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Sexual selection and the physiological consequences of habitat choice by a fiddler crab

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In mid-Atlantic salt marshes, reproductively active male sand fiddler crabs, Uca pugilator, use a single greatly enlarged major claw as both a weapon to defend specialized breeding burrows from other males and an ornament to attract females for mating. During the summer breeding season, females strongly prefer to mate with males controlling burrows in open areas high on the shore. Food availability decreases while temperature and desiccation stress increase with increasing shore height, suggesting that the timing and location of fiddler crab mating activity may result in a potential trade-off between reproductive success and physiological condition for male crabs. We compared thermal preferences in laboratory choice experiments to body temperatures of models and living crabs in the field and found that from the perspective of a fiddler crab, the thermal environment of the mating area is quite harsh relative to other marsh microhabitats. High temperatures significantly constrained fiddler crab activity on the marsh surface, a disadvantage heightened by strongly reduced food availability in the breeding area. Nevertheless, when the chance of successfully acquiring a mate was high, males accepted a higher body temperature (and concomitantly higher metabolic and water loss rates) than when the chances of mating were low. Likewise, experimentally lowering costs by adding food and reducing thermal stress in situ increased fiddler crab waving display levels significantly. Our data suggest that fiddler crabs can mitigate potential life history trade-offs by tuning their behavior in response to the magnitude of both energetic and non-energetic costs and benefits.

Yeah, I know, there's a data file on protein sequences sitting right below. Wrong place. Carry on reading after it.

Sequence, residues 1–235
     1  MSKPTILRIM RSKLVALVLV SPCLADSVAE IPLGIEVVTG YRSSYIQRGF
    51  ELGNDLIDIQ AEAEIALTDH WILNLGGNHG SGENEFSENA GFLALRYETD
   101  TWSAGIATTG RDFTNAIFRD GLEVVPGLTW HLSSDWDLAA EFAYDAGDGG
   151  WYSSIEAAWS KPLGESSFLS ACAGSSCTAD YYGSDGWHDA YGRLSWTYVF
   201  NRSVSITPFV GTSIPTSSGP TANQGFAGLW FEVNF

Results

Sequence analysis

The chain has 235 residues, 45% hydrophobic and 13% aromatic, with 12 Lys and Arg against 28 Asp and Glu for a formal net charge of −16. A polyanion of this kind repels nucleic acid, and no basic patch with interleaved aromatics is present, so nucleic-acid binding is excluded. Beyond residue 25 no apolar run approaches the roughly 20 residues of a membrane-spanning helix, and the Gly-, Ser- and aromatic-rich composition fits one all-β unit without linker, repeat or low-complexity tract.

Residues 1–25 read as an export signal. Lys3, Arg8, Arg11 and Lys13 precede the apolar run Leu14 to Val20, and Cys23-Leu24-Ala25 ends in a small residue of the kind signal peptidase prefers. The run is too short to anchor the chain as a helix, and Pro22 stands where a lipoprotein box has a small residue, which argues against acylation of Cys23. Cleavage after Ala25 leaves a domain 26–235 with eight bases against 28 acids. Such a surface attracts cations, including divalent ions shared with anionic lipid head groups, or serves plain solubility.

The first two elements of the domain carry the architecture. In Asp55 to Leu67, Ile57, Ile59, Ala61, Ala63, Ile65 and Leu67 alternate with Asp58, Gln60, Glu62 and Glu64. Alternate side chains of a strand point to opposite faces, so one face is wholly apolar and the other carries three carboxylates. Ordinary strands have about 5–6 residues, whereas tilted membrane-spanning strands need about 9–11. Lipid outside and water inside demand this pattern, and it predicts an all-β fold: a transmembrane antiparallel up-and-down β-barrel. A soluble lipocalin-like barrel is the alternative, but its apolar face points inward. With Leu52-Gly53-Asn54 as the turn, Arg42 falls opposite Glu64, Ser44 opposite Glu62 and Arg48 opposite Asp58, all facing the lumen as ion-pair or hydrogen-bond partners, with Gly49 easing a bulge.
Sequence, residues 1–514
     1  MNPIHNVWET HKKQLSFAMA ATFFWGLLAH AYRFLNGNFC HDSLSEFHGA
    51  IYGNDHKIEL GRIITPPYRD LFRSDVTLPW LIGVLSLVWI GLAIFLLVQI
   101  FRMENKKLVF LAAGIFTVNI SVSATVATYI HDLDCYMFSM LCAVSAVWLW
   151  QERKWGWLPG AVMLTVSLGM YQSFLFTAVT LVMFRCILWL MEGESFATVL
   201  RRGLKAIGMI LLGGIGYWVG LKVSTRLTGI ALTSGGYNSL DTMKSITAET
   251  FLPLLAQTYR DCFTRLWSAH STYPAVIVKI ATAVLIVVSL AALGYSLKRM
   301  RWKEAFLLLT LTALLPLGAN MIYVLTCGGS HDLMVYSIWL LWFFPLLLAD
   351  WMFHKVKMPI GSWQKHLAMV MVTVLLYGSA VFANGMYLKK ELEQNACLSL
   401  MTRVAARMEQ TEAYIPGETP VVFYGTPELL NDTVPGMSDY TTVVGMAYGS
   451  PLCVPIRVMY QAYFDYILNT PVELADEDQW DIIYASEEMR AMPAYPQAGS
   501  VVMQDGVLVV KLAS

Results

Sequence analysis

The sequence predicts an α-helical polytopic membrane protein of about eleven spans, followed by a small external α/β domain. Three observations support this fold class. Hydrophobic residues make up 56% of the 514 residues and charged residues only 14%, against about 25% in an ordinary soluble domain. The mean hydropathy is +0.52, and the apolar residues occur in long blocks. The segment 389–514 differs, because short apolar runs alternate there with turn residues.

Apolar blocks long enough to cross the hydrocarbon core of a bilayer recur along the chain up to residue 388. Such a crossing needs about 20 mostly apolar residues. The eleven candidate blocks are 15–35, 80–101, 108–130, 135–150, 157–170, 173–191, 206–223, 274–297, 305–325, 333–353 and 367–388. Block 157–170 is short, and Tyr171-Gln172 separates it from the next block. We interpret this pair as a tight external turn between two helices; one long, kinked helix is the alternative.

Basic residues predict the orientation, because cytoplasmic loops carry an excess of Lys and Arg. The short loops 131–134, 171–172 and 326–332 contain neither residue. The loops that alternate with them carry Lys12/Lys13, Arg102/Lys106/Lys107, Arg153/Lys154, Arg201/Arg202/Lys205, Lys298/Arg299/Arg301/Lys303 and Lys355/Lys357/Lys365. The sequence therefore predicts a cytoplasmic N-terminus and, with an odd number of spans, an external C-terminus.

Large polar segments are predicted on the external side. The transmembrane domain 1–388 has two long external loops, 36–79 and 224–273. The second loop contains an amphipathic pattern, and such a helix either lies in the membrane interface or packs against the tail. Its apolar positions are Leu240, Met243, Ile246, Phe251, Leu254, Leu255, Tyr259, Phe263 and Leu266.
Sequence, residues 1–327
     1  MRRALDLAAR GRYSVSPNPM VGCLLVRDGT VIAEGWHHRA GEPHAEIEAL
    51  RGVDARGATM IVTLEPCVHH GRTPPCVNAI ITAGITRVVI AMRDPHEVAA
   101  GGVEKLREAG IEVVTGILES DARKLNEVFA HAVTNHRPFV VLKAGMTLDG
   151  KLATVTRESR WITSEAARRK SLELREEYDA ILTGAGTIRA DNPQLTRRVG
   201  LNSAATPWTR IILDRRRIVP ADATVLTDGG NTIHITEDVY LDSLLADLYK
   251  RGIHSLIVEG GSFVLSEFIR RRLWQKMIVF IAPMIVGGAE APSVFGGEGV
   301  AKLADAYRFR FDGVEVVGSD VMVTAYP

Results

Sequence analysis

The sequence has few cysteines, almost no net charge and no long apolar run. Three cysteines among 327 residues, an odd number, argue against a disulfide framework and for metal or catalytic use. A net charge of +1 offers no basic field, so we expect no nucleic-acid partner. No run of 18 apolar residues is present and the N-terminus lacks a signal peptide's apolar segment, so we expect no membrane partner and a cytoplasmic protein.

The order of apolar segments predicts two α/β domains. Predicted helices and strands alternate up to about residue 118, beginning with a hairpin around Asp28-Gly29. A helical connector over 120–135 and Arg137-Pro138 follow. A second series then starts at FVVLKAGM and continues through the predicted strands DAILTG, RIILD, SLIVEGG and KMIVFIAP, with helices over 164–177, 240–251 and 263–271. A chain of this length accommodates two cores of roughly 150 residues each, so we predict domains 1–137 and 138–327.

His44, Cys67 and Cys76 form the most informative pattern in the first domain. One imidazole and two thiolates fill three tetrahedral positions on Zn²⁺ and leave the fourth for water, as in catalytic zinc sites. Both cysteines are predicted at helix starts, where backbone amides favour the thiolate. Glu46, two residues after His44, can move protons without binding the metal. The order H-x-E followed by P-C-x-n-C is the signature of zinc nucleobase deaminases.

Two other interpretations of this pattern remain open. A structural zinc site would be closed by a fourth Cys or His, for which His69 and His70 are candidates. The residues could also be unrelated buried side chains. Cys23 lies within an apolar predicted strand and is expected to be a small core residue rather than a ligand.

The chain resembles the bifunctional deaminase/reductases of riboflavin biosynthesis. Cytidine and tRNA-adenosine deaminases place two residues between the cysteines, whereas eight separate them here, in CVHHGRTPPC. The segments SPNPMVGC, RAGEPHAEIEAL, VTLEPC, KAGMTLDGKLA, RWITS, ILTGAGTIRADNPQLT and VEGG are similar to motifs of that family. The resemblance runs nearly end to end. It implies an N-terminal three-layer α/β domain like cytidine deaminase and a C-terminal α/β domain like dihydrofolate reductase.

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We are grateful to D. Padilla, J. Hoch, P. Bourdeau and M. Doall for assistance in the laboratory and field and helpful comments on the manuscript. We also thank two anonymous reviewers. Sediment analyses were done in the Functional Ecology Research and Teaching Laboratory of the Department of Ecology and Evolution at Stony Brook University. This work was supported in part by a Sigma Xi Grant-in-Aid-of-Research, a National Science Foundation Doctoral Dissertation Improvement Grant (IOB 0508829), a United States Environmental Protection Agency (EPA) Science to Achieve Results (STAR) Graduate Fellowship, and a National Science Foundation Award (OCE 1131038) to B. J. A. The EPA has not officially endorsed this publication and the views expressed herein may not reflect its views. This is contribution 1,231 from the Department of Ecology and Evolution at Stony Brook University.

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Correspondence to Bengt J. Allen.

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Communicated by Pete Peterson.

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Allen, B.J., Levinton, J.S. Sexual selection and the physiological consequences of habitat choice by a fiddler crab. Oecologia 176, 25–34 (2014). https://doi.org/10.1007/s00442-014-3002-y

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  • Microhabitat use
  • Trade-off
  • Constraint
  • Resource acquisition
  • Female choice
  • Uca pugilator